Boeing's troubled next-generation model has suffered a series of glitches that have prompted investigations by aviation regulators in Japan and the United States, although Boeing insists the plane is safe.
"The FAA is monitoring a preliminary report of an incident in Japan earlier today involving a Boeing 787," it said in a statement.
"The incident will be included in the comprehensive review the FAA began last week of the 787 critical systems, including design, manufacture and assembly."
All Nippon Airways -- the world's first carrier to receive the Dreamliner from Boeing after years of delays -- said a battery problem triggered a cockpit error message that forced the pilots to land the plane earlier in southwestern Japan.
Both ANA and its rival Japan Airlines (JAL) -- which together are among Boeing's biggest customers for the Dreamliner -- said they would ground their entire 787 fleets pending safety checks, according to multiple media reports.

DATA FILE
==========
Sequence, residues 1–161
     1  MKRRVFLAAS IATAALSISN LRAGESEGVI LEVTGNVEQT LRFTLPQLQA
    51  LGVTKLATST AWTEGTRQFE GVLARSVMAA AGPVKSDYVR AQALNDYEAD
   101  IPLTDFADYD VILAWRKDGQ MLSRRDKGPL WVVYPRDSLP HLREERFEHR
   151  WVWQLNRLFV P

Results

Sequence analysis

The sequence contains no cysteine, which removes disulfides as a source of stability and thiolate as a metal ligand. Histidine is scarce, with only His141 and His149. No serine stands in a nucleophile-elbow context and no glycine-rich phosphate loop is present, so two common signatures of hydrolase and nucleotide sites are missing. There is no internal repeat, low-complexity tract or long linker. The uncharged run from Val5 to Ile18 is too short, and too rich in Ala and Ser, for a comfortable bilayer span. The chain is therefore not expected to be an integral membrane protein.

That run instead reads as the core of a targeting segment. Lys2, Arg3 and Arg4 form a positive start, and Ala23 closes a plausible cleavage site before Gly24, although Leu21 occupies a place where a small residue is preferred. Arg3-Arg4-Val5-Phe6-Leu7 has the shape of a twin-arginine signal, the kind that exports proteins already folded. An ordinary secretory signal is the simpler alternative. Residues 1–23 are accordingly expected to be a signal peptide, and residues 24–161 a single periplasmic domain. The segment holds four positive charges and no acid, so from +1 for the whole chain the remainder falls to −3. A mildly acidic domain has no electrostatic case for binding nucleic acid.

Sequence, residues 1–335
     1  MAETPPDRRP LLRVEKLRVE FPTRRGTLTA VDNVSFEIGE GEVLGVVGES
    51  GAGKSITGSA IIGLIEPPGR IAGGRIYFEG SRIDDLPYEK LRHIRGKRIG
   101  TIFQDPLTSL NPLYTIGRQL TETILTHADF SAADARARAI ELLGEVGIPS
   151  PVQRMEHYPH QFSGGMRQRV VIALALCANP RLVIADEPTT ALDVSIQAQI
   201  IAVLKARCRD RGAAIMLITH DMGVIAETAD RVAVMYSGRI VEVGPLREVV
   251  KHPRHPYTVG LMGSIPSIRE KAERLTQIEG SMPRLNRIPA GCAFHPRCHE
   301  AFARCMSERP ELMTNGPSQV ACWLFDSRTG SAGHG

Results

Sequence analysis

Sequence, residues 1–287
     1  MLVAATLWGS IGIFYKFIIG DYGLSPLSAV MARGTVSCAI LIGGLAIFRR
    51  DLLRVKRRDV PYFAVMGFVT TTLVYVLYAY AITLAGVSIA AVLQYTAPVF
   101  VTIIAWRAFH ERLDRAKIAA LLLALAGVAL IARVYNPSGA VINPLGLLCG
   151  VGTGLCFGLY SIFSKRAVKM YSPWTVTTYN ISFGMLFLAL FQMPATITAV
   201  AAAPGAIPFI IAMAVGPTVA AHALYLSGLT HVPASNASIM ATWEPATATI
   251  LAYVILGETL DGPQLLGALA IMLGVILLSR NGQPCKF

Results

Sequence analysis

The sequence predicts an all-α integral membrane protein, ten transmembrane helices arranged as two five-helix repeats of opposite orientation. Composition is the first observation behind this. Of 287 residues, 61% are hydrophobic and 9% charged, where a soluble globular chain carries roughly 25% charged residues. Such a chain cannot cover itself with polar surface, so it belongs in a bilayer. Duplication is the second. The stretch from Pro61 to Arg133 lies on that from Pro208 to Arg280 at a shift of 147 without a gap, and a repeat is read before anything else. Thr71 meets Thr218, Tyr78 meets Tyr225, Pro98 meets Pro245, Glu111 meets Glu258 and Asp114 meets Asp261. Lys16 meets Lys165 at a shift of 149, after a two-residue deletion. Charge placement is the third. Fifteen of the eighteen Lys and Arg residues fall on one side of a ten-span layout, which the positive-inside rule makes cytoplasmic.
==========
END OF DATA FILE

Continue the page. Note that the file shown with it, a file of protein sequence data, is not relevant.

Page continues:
ANA has 17 Dreamliners in operation and JAL has seven.
The two airlines have a combined 100-plus planes either already delivered or on order, in deals worth billions of dollars for Boeing.
On Friday, US regulators announced an in-depth safety review of the 787, while Japan announced a probe on Monday. But Boeing insists that it has "complete confidence" in the plane.
Considered a milestone in the aviation industry with its use of lightweight composite materials and electronics instead of aluminum and hydraulics, some 50 of the US aerospace giant's 787s are in service worldwide.
Boeing, which outsourced much of the production to Japanese and other contractors, says the plane's impressive fuel efficiency represents a revolution in aircraft design.